Silver Cloud Cruise Review by bobfromcanada: Bridgetown, Barbados to San Juan, PR
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Bridgetown, Barbados to San Juan, PR
Silversea Cruise, Silver Cloud, Voyage 1405 – Feb 28, 2014 to Mar 10, 2014 Barbados to Puerto Rico (via St. Lucia, Grenada, Bonaire, Aruba, Curacao, Dominica, St. Barts and St. Maarten)
It’s been 15 years since we last cruised. We did a lot of cruising back then, including two trans-Atlantic ones, and it felt really good to be back on a ship again. Overall we found the cruise quite exceptional, but there were a few minor rough edges. We normally slum it a little more when we travel, and book a 4 to 5 star vacation (sometimes 3 stars), but this time we went the luxury 6 star route. We paid more and we expected more. For the most part we were not disappointed. Our previous vacation was to a land based 4 star (out of 5, different rating scale) property, and it’s only natural to compare apples with oranges. For the most part, things on the cruise were better in almost all areas, as expected. In the food, beverage and accommodation departments, the ship won hands More down. Service was a toss-up, and some cases the service at the land based resort was better. Food, no contest
However, things happened that shouldn't have happened. It was supposed to be a luxury 6 star experience, but it didn’t ‘quite’ make that. Close, but not quite. In our opinion, it was a good solid 5 star or better experience, but not 6. The bottom line is "Would we do it again?" The answer is a resounding “YES” (capitals intended).
As you read the review, please be aware that this ship is marketed on a luxury all-inclusive basis. All the arrangements were made through Cruise Connections in Vancouver. The fare included the cruise, accommodations, food and beverages and all gratuities. Transfers were booked through Silversea and our air was booked separately. The only extras would be incidentals such as specialty wine, tours, salon and spa and that favourite charity of theirs that they tried to add automatically to your shipboard account unless you opted out. It seemed to be a good cause, but we prefer to keep our charitable donations closer to home, so we opted out. See, there is good reason to read the literature sent to the cabin. Personally, we’d prefer to opt in rather than opt out.
The ship is a smaller ship and that’s one of its charms. The biggest ship we’ve cruised on carried 600 passengers. This one was half that size. I don’t believe we would enjoy cruising on a ship with another 2500(+) passengers. We stopped cruising 15 years ago because the ships were getting too big for our tastes. Silver Cloud was a perfect size and has a capacity of 296 passengers and there were almost as many crew to take care of them. We truly enjoy cruising on the smaller ships for that very reason. Getting to know and/or to at least recognize so very many people on an every-day basis is a real pleasure. And, of course, that includes the employees of the line. To us, one of the very best aspects of Silversea is their people. They all seemed happy to be there and willing to please.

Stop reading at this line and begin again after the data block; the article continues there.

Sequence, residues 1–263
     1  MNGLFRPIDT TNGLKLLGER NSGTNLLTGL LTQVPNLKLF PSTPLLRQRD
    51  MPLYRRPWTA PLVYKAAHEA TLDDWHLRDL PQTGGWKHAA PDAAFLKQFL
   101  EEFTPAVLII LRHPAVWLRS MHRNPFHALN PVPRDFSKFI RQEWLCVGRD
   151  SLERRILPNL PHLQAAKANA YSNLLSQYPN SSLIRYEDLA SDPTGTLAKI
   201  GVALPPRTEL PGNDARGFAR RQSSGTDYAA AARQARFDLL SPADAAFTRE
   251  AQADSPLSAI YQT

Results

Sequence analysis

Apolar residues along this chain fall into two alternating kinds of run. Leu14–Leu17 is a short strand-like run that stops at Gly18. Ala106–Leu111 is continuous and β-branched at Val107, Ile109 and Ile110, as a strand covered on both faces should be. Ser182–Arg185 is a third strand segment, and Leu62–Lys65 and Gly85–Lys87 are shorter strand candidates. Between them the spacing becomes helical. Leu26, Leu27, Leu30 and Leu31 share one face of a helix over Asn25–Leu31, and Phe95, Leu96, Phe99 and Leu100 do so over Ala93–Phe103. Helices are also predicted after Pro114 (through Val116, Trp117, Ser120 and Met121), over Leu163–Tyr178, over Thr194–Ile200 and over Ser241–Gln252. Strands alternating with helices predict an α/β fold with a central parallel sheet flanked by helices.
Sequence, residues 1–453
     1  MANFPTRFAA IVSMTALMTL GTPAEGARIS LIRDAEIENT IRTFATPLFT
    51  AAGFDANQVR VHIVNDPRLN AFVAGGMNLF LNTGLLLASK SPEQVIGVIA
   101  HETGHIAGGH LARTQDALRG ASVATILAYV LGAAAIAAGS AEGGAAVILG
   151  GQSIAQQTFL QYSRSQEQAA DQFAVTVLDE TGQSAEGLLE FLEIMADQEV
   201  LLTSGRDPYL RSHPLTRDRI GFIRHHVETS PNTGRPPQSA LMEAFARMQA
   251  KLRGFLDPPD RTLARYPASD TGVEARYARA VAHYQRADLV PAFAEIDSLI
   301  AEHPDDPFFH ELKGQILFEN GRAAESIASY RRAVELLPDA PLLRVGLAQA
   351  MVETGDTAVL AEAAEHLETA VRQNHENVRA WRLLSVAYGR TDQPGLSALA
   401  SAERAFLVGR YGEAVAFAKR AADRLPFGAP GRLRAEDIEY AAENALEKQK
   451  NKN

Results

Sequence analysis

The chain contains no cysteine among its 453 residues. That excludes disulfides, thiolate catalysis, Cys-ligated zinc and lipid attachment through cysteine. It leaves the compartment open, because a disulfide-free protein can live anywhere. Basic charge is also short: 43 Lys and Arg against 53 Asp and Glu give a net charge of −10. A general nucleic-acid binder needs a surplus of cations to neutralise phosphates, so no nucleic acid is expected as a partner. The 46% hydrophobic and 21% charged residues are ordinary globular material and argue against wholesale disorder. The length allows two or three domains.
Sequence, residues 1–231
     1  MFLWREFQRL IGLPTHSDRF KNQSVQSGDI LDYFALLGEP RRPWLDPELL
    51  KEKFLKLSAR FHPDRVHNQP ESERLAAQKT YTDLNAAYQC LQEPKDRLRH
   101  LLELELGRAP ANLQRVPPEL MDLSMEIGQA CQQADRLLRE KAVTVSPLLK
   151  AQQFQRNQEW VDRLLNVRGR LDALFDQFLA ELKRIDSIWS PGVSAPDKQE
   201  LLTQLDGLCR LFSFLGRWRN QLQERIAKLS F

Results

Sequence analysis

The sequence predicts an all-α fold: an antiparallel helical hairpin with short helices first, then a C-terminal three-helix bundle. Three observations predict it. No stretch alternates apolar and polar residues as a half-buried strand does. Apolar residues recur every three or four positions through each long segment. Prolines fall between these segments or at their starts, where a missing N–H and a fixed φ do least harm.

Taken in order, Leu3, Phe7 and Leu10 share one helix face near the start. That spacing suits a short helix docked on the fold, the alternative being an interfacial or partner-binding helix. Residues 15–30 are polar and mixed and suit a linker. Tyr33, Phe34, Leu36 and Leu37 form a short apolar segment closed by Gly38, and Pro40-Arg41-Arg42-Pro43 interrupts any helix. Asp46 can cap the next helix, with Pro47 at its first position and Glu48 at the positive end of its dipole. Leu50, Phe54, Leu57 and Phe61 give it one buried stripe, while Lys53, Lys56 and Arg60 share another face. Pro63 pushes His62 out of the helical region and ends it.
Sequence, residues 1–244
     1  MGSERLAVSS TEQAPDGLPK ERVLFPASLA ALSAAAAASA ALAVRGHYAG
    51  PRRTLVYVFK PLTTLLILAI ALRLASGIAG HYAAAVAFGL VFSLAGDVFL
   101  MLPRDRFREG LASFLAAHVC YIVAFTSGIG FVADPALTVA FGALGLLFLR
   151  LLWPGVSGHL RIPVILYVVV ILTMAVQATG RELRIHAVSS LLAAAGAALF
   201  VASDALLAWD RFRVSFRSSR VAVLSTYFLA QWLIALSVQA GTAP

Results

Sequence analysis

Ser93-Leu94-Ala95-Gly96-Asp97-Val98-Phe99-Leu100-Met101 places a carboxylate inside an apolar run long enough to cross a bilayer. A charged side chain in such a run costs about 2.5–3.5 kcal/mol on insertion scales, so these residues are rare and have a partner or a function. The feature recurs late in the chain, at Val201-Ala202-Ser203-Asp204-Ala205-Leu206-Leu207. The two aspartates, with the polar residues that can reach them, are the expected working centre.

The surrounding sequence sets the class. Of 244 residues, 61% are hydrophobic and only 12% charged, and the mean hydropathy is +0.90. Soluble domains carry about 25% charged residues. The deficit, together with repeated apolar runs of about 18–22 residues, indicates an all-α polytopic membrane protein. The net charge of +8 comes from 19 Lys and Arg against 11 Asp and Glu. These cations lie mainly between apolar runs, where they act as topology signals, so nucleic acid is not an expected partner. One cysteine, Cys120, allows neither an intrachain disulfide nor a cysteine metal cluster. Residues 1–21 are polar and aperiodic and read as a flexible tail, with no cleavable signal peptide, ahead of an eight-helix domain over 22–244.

In general, the dress code was casual during the day. In the evenings, the general rule was that shorts were to disappear at 6:00 pm, and you were expected to wear long pants and that evening’s dress code (casual, informal, formal). And they seemed pretty serious on the 6:00 pm part.
The ship is organized with the passenger accommodations forward and the public areas aft. It was pretty easy to find your way around. Before we left home, I’d made up a sheet with what public area was on what deck and only required it for a few days. The public areas have names like “The Restaurant”, “The Bar”, “La Terrazza” and “The Grill”. None of those names are particularly imaginative, but at least you know where you’re going. The only exceptions were the “Venetian Lounge” (the show lounge / theatre) and “Le Champagne” (the extra cost dining venue).
Silver Cloud has a very nice motion at sea, and with the exception of docking and undocking, we thought she was pretty quiet. Our cabin was in one of the reported noisy areas (forward on deck 5), but we didn’t notice any unexpected noises, at least based on previous cruises. That said, when they are using the thrusters or anchoring, there’s absolutely no doubt about what’s going on. Underway, there’s a little machinery noise but we didn’t find it objectionable. We’ve been on far worse.
Our cabin was very nice. There was lots of marble and wood panelling. We booked a veranda / balcony suite, so we had a queen size bed, sitting area, an honest walk-in closet and a veranda / balcony. Our butler kept the bar fridge stocked with good beer, champagne and wine. It was wonderful to sit on the balcony and watch the ocean go by.